|Thermodynamics and Propulsion|
The Carnot cycle has been used for power, but we can also run it in reverse. If so, there is now net work into the system and net heat out of the system. There will be a quantity of heat rejected at the higher temperature and a quantity of heat absorbed at the lower temperature. The former of these is negative according to our convention and the latter is positive. The result is that work is done on the system, heat is extracted from a low temperature source and rejected to a high temperature source. The words ``low'' and ``high'' are relative and the low temperature source might be a crowded classroom on a hot day, with the heat extraction being used to cool the room. The cycle and the heat and work transfers are indicated in Figure 3.6. In this mode of operation the cycle works as a refrigerator or heat pump. ``What we pay for'' is the work, and ``what we get'' is the amount of heat extracted. A metric for devices of this type is the coefficient of performance, defined as
For a Carnot cycle we know the ratios of heat in to heat out when the cycle is run forward and, since the cycle is reversible, these ratios are the same when the cycle is run in reverse. The coefficient of performance is thus given in terms of the absolute temperatures as
This can be much larger than unity.
The Carnot cycles that have been drawn are based on ideal gas behavior. For different working media, however, they will look different. We will see an example when we discuss two-phase situations. What is the same whatever the medium is the efficiency for all Carnot cycles operating between the same two temperatures.
Typically the thermodynamic system in a refrigerator analysis will be a working fluid, a refrigerant, that circulates around a loop, as shown in Figure 3.7. The internal energy (and temperature) of the refrigerant is alternately raised and lowered by the devices in the loop. The working fluid is colder than the refrigerator air at one point and hotter than the surroundings at another point. Thus heat will flow in the appropriate direction, as shown by the two arrows in the heat exchangers.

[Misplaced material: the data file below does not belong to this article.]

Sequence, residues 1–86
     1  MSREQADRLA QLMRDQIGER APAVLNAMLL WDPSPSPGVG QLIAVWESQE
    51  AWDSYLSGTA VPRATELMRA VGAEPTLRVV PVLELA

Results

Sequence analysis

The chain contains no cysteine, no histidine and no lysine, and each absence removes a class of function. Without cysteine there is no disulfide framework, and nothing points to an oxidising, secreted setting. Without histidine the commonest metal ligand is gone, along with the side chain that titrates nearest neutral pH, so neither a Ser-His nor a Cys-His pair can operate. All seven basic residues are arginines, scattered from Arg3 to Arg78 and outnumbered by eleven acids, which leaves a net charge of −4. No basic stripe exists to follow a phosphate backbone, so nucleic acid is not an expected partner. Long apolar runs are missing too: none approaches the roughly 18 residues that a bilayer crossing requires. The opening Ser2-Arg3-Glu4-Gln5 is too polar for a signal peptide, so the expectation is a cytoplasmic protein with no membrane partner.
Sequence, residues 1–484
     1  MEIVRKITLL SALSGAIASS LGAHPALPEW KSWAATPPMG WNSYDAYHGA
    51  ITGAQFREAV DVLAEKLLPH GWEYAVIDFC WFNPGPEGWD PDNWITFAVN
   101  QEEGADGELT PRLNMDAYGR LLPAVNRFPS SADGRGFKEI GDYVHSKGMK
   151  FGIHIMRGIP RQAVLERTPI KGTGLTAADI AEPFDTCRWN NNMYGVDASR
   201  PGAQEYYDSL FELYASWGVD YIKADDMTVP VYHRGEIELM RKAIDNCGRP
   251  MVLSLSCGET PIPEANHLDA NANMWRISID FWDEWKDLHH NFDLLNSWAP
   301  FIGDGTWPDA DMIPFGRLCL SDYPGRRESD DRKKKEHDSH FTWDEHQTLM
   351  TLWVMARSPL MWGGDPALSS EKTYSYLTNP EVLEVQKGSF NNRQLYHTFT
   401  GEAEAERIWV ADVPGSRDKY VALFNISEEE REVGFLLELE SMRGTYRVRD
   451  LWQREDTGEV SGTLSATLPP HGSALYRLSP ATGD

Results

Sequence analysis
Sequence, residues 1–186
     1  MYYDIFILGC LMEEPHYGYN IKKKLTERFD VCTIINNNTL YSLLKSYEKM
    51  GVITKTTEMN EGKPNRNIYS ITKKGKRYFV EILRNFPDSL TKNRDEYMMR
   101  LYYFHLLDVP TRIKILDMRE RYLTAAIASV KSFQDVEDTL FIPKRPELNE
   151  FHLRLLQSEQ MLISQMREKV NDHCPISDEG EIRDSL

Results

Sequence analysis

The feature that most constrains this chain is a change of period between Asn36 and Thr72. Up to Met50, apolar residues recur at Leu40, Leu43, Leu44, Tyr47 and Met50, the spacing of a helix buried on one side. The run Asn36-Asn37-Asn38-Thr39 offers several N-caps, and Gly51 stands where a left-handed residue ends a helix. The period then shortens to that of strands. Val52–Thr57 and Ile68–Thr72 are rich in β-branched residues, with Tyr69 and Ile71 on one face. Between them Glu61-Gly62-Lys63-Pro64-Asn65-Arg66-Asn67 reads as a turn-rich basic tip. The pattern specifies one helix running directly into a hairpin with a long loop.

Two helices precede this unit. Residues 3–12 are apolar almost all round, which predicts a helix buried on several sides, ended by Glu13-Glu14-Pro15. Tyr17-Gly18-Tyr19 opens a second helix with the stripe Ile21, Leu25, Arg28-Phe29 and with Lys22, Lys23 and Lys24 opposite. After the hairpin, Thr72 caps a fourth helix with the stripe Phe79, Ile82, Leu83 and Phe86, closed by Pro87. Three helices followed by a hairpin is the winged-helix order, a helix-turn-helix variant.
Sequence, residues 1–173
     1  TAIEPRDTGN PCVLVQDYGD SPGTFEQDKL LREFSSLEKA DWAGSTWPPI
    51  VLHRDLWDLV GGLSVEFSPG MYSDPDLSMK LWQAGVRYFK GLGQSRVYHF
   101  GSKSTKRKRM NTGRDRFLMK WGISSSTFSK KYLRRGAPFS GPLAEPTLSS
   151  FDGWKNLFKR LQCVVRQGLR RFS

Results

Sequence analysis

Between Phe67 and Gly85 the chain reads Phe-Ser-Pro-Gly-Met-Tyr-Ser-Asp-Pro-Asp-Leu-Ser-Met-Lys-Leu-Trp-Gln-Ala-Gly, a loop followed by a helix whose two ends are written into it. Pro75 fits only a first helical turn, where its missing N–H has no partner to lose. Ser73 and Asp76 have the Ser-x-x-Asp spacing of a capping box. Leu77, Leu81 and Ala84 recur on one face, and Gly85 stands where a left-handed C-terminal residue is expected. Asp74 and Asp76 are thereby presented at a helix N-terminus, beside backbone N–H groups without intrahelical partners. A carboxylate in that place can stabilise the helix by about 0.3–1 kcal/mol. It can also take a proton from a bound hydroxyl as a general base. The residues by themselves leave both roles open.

Starting in the upper right hand corner of the diagram, we describe the process in more detail. First the refrigerant passes through a small turbine or through an expansion valve. In these devices, work is done by the refrigerant so its internal energy is lowered to a point where the temperature of the refrigerant is lower than that of the air in the refrigerator. A heat exchanger is used to transfer energy from the inside of the refrigerator to the cold refrigerant. This lowers the internal energy of the inside and raises the internal energy of the refrigerant. Then a pump or compressor is used to do work on the refrigerant, adding additional energy to it and thus further raising its internal energy. Electrical energy is used to drive the pump or compressor. The internal energy of the refrigerant is raised to a point where its temperature is hotter than the temperature of the surroundings. The refrigerant is then passed through a heat exchanger (often coils at the back of the refrigerator) so that energy is transferred from the refrigerant to the surroundings. As a result, the internal energy of the refrigerant is reduced and the internal energy of the surroundings is increased. It is at this point where the internal energy of the contents of the refrigerator and the energy used to drive the compressor or pump are transferred to the surroundings. The refrigerant then continues on to the turbine or expansion valve, repeating the cycle.